What’s the Muiral of this Story?
Torrington, 2.11 Miles
“These beautiful days much enrich all my life. They do not exist as mere pictures… but they saturate themselves into every part of the body and live always.” – John Muir.
Why is there a short little rarely hiked trail in Torrington named after John Muir? I have no idea, but upon reflection, I think every state should have a trail through the woods named in his honor. Of course, out west in in California their little 211 mile John Muir Trail merely summits the highest peak in the lower 48 (Mount Whitney at 14,505 feet) and courses through three little National Parks – Kings Canyon, Sequoia, and something called Yosemite. Whatever.
Our John Muir Trail merely moves the decimal point (2.11 Miles long) and chooses to (almost) summit the highest peak in all of Torrington (Walnut Mountain at 1,325 feet) and also connects two state parks – Burr Pond and something called Sunnybrook State Park. So there.
“In every walk with nature one receives far more than he seeks.” – John Muir
John Muir was an incredibly important man in our country’s history – even though he was Scottish. Well, important to people like me anyway. He was pretty much our first vocal environmental activist. He has no connection to Connecticut except for his relationship with Gifford Pinchot. Pinchot was born in Simsbury and went on to Yale and then became an important conservationist with the US Government. (CTMQ’s visit to the Pinchot Sycamore, CT’s largest tree.)
Pinchot and Muir were tight, but then had a falling out over an issue that still burns today: Muir was a preservationist and Pinchot a conservationist. That friendship ended late in the summer of 1897 when Pinchot released a statement to a Seattle newspaper supporting sheep grazing in forest reserves. Muir confronted Pinchot and demanded an explanation. When Pinchot reiterated his position Muir told him “I don’t want anything more to do with you.”
This philosophical divide soon expanded and split the conservation movement into two camps: the preservationists, led by Muir, and Pinchot’s camp, who co-opted the term “conservation.” Muir was deeply opposed to commercializing nature. The two men debated their positions in popular magazines for years. Muir argued for the preservation of the land’s spiritual and uplifting values; Pinchot saw conservation as a means of managing for the sustainable commercial use of what he prized: the nation’s natural resources.
I find this interesting stuff… and too bad both lost out miserably to corporatization anyway. And speaking of vast changes in the last 100 years, Muir was also the guy who took Teddy Roosevelt into the wilderness at Yosemite: After entering the park and seeing the magnificent splendor of the valley, the president asked Muir to show him the real Yosemite. Muir and Roosevelt set off largely by themselves and camped in the backcountry. While circling around a fire, the duo talked late into the night, slept in the brisk open air of Glacier Point and were dusted by a fresh snowfall in the morning – a night Roosevelt never would forget.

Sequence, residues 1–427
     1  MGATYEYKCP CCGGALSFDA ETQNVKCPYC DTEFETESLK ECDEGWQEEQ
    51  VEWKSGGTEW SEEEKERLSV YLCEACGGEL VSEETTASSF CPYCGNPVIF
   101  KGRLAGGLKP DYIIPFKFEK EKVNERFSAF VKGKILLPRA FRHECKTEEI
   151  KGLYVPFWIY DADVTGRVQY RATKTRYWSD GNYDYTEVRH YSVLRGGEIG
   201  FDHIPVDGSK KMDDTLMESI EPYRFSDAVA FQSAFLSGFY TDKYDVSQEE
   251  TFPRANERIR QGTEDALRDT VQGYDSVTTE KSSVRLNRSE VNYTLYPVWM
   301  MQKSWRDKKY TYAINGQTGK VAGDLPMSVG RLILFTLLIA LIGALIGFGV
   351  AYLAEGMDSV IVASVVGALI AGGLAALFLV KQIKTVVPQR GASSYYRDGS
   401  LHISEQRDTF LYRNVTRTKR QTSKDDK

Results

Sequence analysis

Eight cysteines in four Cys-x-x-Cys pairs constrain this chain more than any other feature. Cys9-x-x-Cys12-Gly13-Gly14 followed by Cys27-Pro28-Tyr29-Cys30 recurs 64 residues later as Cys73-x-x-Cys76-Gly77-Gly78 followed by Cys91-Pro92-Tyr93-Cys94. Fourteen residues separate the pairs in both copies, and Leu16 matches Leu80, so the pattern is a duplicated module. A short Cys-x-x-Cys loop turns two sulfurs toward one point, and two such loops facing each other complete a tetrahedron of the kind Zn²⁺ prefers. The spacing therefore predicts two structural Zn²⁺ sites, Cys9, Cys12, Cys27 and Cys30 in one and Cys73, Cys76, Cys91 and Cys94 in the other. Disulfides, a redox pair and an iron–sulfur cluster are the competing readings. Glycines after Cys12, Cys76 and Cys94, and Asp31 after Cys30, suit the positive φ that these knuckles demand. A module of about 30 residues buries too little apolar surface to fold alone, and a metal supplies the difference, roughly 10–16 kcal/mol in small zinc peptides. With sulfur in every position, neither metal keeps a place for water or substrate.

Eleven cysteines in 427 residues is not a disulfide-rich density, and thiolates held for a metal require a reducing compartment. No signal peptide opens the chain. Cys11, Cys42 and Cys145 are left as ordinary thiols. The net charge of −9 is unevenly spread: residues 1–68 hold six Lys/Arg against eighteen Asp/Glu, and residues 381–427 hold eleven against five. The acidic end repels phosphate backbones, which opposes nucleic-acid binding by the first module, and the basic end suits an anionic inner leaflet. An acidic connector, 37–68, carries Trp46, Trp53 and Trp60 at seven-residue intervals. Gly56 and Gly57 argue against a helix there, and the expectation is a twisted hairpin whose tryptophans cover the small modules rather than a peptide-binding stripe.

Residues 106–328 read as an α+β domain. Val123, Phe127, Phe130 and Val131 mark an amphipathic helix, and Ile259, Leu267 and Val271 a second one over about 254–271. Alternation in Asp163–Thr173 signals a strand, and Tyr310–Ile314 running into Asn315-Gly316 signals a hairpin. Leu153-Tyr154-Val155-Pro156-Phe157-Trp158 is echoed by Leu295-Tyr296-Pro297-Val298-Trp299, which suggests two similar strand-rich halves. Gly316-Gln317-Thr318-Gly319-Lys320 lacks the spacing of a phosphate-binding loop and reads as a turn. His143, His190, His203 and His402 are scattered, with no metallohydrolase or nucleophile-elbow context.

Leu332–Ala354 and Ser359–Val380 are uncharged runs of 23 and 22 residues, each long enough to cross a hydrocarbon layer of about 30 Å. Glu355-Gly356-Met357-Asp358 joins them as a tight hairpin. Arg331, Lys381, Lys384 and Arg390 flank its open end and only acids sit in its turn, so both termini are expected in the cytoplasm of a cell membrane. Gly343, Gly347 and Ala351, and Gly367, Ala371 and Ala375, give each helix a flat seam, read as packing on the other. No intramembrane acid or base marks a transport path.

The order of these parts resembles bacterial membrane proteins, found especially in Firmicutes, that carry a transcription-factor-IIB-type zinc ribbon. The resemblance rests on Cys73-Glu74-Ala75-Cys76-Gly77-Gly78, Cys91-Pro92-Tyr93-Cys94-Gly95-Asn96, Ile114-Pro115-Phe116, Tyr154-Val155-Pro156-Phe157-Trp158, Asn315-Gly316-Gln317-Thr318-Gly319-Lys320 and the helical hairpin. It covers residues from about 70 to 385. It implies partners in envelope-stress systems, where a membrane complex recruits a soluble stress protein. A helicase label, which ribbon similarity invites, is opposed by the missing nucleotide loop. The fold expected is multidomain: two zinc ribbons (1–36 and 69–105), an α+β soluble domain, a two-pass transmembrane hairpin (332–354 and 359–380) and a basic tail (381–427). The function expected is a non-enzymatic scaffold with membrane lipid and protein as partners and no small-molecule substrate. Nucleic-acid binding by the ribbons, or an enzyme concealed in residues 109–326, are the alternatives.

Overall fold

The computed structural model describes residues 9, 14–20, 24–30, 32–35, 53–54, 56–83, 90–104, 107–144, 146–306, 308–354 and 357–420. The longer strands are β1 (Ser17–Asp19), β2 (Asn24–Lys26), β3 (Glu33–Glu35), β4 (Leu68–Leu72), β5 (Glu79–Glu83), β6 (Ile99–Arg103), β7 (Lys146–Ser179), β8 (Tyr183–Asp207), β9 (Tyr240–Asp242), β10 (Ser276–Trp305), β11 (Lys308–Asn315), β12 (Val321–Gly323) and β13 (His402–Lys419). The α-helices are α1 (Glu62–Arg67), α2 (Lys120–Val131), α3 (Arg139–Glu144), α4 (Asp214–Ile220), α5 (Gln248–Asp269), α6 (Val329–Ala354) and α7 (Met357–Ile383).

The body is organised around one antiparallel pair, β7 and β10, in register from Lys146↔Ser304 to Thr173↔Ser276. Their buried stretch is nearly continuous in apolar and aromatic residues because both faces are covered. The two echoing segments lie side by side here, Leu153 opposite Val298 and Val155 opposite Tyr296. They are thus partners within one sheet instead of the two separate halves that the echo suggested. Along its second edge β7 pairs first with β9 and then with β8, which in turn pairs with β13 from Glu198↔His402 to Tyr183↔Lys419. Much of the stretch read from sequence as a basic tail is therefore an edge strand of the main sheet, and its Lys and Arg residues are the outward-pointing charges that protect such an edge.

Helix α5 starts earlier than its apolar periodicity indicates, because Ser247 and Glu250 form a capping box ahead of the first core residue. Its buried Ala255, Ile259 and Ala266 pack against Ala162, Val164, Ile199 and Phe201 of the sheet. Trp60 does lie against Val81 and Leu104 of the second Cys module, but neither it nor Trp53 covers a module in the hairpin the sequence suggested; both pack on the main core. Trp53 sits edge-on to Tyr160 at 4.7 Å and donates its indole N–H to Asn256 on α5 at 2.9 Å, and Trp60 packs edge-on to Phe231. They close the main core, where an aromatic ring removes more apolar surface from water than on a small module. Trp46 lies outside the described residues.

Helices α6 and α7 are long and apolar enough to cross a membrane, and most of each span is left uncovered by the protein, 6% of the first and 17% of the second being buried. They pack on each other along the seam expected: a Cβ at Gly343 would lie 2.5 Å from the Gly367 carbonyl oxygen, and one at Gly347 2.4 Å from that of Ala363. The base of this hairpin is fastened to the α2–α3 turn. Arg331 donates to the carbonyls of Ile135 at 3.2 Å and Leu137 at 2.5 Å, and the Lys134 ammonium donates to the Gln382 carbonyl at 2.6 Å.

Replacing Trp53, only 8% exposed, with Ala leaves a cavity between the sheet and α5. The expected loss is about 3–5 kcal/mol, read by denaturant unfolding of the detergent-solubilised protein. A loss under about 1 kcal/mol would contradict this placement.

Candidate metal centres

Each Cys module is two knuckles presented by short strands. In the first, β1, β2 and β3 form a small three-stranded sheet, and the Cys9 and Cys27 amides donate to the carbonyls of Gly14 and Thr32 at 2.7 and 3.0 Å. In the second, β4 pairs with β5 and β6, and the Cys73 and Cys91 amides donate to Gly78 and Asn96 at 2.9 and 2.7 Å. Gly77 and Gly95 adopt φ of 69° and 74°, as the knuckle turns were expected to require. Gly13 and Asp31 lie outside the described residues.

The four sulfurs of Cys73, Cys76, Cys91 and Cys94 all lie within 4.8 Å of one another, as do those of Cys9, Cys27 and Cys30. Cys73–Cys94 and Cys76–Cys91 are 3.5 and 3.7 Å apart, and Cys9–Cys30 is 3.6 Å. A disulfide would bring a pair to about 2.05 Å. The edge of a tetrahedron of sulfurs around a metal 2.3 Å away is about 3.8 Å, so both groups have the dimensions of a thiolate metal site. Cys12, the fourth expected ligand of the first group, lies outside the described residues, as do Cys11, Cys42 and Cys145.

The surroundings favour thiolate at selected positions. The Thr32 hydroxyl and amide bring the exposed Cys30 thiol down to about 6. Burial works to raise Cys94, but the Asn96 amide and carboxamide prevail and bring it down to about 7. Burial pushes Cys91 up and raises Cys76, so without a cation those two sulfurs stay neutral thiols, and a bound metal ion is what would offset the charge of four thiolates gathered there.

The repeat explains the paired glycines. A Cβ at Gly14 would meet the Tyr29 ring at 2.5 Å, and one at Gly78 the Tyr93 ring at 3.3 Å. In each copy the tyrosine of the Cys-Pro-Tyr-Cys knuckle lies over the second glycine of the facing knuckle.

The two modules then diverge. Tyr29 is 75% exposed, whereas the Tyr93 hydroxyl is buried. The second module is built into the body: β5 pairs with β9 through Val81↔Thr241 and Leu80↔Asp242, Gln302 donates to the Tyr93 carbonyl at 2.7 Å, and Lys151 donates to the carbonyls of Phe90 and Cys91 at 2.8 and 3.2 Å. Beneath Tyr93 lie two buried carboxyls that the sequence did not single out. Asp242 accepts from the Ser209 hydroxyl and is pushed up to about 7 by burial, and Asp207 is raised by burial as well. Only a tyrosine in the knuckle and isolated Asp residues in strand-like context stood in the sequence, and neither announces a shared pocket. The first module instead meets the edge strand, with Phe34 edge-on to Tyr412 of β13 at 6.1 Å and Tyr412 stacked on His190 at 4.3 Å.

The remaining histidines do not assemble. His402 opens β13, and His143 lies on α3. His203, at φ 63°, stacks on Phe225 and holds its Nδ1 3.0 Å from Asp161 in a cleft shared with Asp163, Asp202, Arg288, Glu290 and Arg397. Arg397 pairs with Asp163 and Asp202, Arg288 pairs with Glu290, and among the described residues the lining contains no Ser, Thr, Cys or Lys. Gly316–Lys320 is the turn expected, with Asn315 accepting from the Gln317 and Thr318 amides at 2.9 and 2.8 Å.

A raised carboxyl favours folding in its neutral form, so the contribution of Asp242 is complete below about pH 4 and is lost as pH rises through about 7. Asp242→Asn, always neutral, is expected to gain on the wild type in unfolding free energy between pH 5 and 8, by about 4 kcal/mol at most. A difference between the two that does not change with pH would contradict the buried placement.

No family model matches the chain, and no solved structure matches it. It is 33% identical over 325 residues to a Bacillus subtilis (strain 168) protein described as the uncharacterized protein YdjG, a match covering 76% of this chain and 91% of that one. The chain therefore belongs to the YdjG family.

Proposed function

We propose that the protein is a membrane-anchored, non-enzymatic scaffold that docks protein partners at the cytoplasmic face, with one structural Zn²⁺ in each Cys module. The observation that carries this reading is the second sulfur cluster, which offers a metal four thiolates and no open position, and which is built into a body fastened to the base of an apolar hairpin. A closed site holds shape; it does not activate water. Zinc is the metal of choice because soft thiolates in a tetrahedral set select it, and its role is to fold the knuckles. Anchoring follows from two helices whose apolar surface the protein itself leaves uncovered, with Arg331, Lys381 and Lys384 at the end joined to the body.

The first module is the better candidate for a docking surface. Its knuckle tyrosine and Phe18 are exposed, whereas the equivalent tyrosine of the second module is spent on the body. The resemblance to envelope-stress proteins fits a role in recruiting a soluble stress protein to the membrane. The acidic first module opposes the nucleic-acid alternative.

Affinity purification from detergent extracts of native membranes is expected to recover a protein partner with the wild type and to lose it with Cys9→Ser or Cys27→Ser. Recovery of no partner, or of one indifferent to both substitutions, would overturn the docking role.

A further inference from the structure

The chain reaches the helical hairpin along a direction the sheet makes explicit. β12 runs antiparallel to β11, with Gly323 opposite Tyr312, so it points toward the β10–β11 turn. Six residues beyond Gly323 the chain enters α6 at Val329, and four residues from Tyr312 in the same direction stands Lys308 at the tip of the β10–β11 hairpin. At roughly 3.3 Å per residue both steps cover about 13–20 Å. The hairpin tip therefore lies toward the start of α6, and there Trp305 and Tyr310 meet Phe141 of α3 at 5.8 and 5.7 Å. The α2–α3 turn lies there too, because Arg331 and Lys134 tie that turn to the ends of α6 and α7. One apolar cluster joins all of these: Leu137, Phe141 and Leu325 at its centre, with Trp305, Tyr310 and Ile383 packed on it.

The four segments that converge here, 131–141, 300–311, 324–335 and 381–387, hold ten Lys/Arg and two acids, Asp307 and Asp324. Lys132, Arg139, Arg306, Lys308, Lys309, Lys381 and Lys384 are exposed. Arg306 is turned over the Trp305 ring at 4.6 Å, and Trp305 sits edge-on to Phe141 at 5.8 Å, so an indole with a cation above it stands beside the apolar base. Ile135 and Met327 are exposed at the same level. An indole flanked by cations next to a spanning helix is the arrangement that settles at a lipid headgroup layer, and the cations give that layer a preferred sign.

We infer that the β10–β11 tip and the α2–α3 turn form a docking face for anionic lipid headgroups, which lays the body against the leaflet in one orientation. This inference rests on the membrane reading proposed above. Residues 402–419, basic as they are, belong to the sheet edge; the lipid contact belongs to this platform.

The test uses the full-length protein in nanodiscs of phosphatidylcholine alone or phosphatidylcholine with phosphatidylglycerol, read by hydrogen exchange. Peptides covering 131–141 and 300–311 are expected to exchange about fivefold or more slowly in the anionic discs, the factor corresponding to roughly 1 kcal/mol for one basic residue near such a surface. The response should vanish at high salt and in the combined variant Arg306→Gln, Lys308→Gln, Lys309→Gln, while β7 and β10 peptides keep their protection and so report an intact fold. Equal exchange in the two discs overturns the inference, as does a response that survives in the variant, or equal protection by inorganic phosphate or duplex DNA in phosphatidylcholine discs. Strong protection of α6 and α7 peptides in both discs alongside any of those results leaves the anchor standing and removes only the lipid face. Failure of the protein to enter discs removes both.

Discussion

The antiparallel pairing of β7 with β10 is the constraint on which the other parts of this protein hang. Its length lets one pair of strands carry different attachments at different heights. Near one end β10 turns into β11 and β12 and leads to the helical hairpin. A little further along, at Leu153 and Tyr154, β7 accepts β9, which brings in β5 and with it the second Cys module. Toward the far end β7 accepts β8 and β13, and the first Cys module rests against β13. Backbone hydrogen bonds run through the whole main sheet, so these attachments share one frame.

Awesome. Muir also founded the Sierra Club. But what about his 2.1 mile trail here? Eh. It’s okay.
It’s really just a connector trail between the two state parks. I started off on the northern end up at Burr Pond, off of Starks Road. The first bit of the Muir Trail meanders pleasantly through a white pine grove. The trail itself is super soft here and has that nice “hiking through the pines” feel to it.
Of course, a ton of these trees had garish fluorescent orange numbers spray painted on them, probably slated for removal. John Muir would not be pleased.
I then passed a great swamp… but it wasn’t really all that great. (Strangely, the Walk Book calls it a “great swamp.”) I thought it was merely okay. After the swamp I began steadily climbing up Walnut Mountain and crossed the rutted Buttrick Road, then the worse-off Guerdat Road. (I also crossed Devaux Road… are the French big here in Torrington?) The climb up is gradual and slight – and the trail doesn’t actually go to the summit proper. There is a side trail, but no view, so I skipped it. I’d be coming back this way in about 90 minutes again anyway, so I had another chance.
Up, over, then down the mountain, now headed west towards Sunnybrook State Park. This is the best part of the trail; not because it was downhill, but because there are many more rocks and cool formations to see here. There are also a bunch of streams that feed the Naugatuck River and I found myself enjoying this last three-quarters of a mile.
The Muir trail does partner up with the Naugatuck River for a short bit and passes a seemingly random stone monument in the woods, in memory of Jay Bacca. He and his wife Lorrie built the Alain and May White trails I’d be hiking next in the state park. Quite frankly, I don’t really understand the saying:
But I’m dumb. Shortly after the monument, I climbed some rather precarious stone steps up to cross the fairly busy Newfield Road before dropping back into a pine grove and finishing up at the Sunnybrook State Park parking lot.
Maybe I sound a little jaded about this trail because I hiked it twice (having had to return back up to my car), but I don’t mean to. It’s a nice little trail, a bit more poorly marked and cleared than most other CFPA trails I’ve hiked perhaps. And the thought of connecting two state park trail systems with a trail is… well, John Muir would have approved, that’s for sure.